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Beh 225 Week 2 Checkpoint Hormones and Heredity

Hormones, Heredity, and Human Behavior July 14, 2011 BEH 225 Why do people behave the way they do? What makes us tick? While our environment molds some of who we are, much more comes from heredity and hormones. Genes passed on to us from our parents make up heredity, and glands throughout the body produce hormones. As generations progress, new psychological and behavioral traits are earned and learned. This paper will explain hormones and the endocrine system, glands associated with the endocrine system, behavior genetics, and evolutionary psychology.

The endocrine system is the system of the body in which releases hormones into the bloodstream. The hormones then cause different reactions within the body, and these reactions shape part of human behavior. There are seven glands within the body, which are the pineal gland, thyroid and parathyroids, the pancreas, pituitary gland, gonads, and adrenal glands. Each gland produces diverse hormones, and each hormone has a specific effect on the body, be it mood, energy, or sexual needs (Morris and Maisto, 2002).

The pineal and pituitary glands are located in the center of the brain. The pineal gland is in the center of the brain, regulates activity levels throughout the day, and secretes melatonin, which controls the body’s sleep wake cycles. Lack of melatonin in the body causes what is known as “jet lag”, which occurs when the body’s proper sleep cycle is interrupted. The pituitary gland lies on the underside of the brain, and produces the largest number of hormones in the body, thus called the “Master Gland”.

This gland influences blood pressure, contractions during childbirth, milk production, sexual behavior and interest, growth, and hydration (Morris and Maisto, 2002). The thyroid is located below the voice box, and produces thyroxin, which regulates the body’s metabolic rate, thus controlling how thin or fat, or lazy or energetic a person is. Hyperthyroidism and hypothyroidism are diseases caused by too much or too little thyroxin. Hyperthyroidism is characterized by insomnia, fatigue, agitation, and problems focusing on tasks.

Hypothyroidism often causes a person to sleep a lot, but the person is still tired. The parathyroids are located within the thyroid, secrete parathormone, and controls levels of calcium and phosphates in the body. The parathyroids are also involved with controlling excitability levels (Morris and Maisto, 2002). The pancreas is located between the stomach and small intestine, and secretes insulin and glucagon to balance blood sugar levels in the body.

When the pancreas does not work properly, a person may be diagnosed with diabetes mellitus, which is more commonly known simply as Diabetes (Morris and Maisto, 2002). People with diabetes suffer from extreme thirst, fatigue, lack of or increased appetite, and a myriad of other symptoms if their condition is not controlled properly with diet, exercise, and medications (if needed) (Steadman’s Concise Medical Dictionary, 2001). The gonads are the male and female reproductive organs, the testes (males) and ovaries (females).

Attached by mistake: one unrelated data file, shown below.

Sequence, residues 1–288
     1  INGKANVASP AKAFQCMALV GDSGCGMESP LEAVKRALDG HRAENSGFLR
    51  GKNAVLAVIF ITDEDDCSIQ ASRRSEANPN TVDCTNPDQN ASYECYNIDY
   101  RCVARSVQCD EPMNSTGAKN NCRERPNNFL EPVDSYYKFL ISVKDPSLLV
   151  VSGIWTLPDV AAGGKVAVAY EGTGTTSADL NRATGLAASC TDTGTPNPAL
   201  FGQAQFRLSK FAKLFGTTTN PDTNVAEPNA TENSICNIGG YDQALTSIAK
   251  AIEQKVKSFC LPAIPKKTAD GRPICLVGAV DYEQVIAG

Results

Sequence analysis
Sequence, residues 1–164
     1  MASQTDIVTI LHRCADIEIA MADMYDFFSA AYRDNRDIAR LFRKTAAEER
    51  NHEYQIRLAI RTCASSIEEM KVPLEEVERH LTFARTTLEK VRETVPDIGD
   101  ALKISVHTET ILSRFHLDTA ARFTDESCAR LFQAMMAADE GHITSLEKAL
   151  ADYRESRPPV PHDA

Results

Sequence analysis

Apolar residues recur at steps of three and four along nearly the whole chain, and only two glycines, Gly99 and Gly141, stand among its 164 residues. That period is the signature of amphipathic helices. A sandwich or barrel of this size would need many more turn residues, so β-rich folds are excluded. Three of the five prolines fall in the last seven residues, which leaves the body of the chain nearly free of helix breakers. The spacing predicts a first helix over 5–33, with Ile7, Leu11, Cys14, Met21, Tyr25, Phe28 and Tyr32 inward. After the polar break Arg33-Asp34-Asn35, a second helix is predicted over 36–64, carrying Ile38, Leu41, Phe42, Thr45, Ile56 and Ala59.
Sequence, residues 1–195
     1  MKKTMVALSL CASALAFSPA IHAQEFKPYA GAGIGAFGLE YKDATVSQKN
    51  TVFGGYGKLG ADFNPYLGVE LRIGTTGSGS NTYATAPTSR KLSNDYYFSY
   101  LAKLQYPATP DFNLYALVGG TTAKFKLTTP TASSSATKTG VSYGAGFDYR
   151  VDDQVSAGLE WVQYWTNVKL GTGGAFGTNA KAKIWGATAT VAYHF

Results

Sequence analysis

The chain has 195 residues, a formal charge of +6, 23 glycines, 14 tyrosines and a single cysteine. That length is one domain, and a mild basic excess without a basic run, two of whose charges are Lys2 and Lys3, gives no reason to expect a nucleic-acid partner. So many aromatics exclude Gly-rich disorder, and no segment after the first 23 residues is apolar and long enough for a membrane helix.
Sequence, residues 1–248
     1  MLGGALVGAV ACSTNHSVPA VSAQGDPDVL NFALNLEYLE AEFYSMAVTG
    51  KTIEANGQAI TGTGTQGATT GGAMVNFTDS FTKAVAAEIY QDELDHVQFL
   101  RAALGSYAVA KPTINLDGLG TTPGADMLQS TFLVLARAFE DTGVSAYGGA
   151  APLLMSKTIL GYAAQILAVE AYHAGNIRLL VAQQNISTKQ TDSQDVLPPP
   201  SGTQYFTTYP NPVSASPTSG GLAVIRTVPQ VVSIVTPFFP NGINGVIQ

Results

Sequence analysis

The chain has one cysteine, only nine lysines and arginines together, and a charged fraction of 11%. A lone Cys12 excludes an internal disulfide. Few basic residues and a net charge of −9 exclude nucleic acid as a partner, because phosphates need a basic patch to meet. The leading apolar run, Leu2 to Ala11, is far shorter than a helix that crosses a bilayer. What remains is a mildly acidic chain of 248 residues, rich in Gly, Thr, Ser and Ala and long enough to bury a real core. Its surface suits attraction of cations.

The testes and ovaries produce androgens (testosterone) and estrogens, these hormones affect aggressiveness, mood, and sexual interest and behavior. Higher levels of these hormones have been shown to promote aggressiveness in both sexes (Morris and Maisto, 2002). The last glands are the adrenal glands, which are located above the kidneys, and have an inner core and an outer layer. The inner core is called the adrenal medulla, and the outer layer is known as the adrenal cortex. These parts work together to condition our bodies to handle stress.

Blood pressure rises, pupils dilate, and heart rate quickens when the adrenal glands release epinephrine and norepinephrine into the bloodstream to trigger the body’s sympathetic nervous system. This causes what is known as the fight or flight response when a person is in danger (Morris and Maisto, 2002). Genetics control another part of why we do the things we do, and are given to us at birth through chromosomes from our parents. Genetics determine the traits, such as hair and eye color, and influence some things that may occur in our lives, such obesity and blood pressure disorders.

Behavior genetics is the study of how the genetics we receive from our parents affects our behavior. The goal of understanding behavior genetics is to decipher how genetics affects memory, intelligence, emotions, personality, and psychological disorders (Morris and Maisto, 2002). Evolutionary psychology works alongside genetic behavior to help psychological professionals understand how the mind works, and what pushes us to do certain things, such as why a serial murderer decides upon that life path. Evolutionary psychology promotes the theory of natural selection.

Natural selection implies that certain traits are ingrained into all human beings, and these traits suggest that people, who are strong and adapt well, will be the ones to survive and pass on their traits to following generations (Morris and Maisto, 2002). REFERENCES Morris, C. G. , & Maisto, A. A. (2002). Psychology: An introduction (12th ed. ). Upper Saddle River, NJ: Prentice Hall. Dircx, J. , M. D. (ed). (2001) . Steadman’s concise medical dictionary for health professions (4th ed. ). Dayton, OH. Lippincott Williams &Wilkins.

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